With respect to the unemployed youth who are currently roaming the streets, we should fully and promptly revitalise the Zambia National Service (ZNS) production camps and make it possible for them to enroll in government-financed entrepreneurial and other skills-training programs to be offered in the camps on a voluntary basis.
The Chiwoko ZNS Camp in Katete, the Chishimba ZNS Camp in Kasama and the Kitwe ZNS Camp should periodically recruit unemployed youth to pursue vocational training programs — which should include courses in carpentry, auto-mechanics, agriculture, bricklaying, plastering, tailoring and designing, and shoe-making and repairing.
The vacated refugee camps dotted across the country should also be utilised for skills-training purposes.
Graduates from skills-training centres should be encouraged to form joint business ventures, and should be provided with start-up kits and financial resources through relevant government ministries, the Youth Empowerment Program, and the Resettlement Department under the Office of the Republican Vice President. And institutions like the King George Centre in Kabwe should be expanded to accommodate larger numbers of graduates.
Priority 12: The Fight against Corruption
We need to seriously fight corruption because it has subverted the political process in our beloved country; it has thwarted economic growth and stability; it has undermined honest enterprise; it has discouraged foreign direct investment; it has eroded the country’s moral fibre; and it has tarnished Zambia’s image.
But like any other problem confronting us today, corruption cannot be effectively fought without first understanding its causes. Since independence, the causes of corruption in Zambia have included the following: an unstable political setting; regular reshuffles of political appointees; a weak legislative system; a weak judicial system; excessive, cumbersome and/or rigid administrative routines and procedures; inadequate wages, salaries and fringe benefits; and delayed payment of wages and salaries for employees on government payroll.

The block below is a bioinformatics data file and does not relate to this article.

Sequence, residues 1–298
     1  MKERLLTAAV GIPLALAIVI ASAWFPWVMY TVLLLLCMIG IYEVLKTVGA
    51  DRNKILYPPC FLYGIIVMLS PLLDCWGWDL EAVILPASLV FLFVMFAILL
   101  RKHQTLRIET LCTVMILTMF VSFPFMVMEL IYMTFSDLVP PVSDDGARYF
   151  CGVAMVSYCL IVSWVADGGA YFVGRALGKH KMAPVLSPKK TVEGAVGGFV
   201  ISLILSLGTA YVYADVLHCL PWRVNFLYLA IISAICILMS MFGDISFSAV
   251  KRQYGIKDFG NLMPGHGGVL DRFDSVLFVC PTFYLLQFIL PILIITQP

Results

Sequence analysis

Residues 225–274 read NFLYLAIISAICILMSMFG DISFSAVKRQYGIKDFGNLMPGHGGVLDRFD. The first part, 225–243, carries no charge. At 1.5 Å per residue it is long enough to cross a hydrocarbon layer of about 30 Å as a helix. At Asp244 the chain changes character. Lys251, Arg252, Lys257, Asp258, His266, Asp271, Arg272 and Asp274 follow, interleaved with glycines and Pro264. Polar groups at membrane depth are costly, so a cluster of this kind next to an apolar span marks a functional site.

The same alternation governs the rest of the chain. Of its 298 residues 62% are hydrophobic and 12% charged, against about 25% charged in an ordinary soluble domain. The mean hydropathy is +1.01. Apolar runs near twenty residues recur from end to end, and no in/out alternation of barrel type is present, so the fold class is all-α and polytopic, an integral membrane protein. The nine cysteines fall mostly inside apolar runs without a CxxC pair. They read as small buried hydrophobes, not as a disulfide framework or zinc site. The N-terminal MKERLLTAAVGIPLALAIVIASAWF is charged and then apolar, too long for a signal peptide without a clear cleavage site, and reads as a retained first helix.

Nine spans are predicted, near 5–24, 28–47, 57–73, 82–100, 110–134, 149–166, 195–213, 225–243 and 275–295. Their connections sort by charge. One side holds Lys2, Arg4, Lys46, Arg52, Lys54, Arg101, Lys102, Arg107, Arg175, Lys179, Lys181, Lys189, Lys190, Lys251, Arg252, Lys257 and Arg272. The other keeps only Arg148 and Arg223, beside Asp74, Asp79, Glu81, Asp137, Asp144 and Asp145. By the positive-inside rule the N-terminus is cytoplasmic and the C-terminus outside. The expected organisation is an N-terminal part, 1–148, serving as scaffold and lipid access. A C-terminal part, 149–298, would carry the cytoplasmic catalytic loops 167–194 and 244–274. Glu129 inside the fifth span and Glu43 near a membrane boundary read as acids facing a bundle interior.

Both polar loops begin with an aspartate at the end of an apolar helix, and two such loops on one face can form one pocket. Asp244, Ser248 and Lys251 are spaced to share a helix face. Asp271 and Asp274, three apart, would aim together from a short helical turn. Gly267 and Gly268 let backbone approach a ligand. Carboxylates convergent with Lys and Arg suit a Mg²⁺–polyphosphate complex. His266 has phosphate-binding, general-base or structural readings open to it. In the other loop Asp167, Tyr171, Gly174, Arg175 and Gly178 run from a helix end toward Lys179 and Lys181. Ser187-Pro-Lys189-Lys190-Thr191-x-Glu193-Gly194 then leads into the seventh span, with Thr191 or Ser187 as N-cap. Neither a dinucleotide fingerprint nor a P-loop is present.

We should, therefore, bring corruption under control through:
(a) Sustained political will and zero tolerance of the scourge;
(b) Streamlined administrative and bureaucratic procedures;
(c) Provision of adequate remuneration to civil servants and public officials;
(d) Compulsory ethics education in educational and training institutions;
(e) Passage of strict pieces of legislation designed to prevent conflicts of interest in institutional settings;
(f) Limitation of recourse to immunity by public officials and business leaders and their organisations;
(g) Fostering the development of a free press to facilitate the exposure of unscrupulous activities in institutional settings;
(h) Provision for an anti-graft hotline for individuals and organisations to report acts of corruption anonymously or otherwise;
(i) Strict enforcement of the code of conduct established by the Parliamentary and Ministerial Code of Conduct Act of 1994 for deputy ministers, Cabinet ministers and members of the National Assembly; and
(j) Active participation in bilateral and multilateral conventions, protocols and declarations designed to fight corruption, particularly in the areas of prevention, prosecution, asset recovery, and international cooperation in generating rules for extraditing alleged fugitive perpetrators of corrupt practices.
Priority 13: The Fight against Crime
We should combat crime and other social vices nationwide through localised police units by allocating more money to the police units to enhance their capabilities in terms of communications, transportation, crime-fighting gadgets and equipment, and security cameras for installation in town centres and on major roads and streets.
Moreover, we should provide for the electrification of houses for police officers nationwide. There are just too many law-enforcement officers who are having a hard time preparing meals and uniforms in readiness for work due to the lack of electricity in their houses.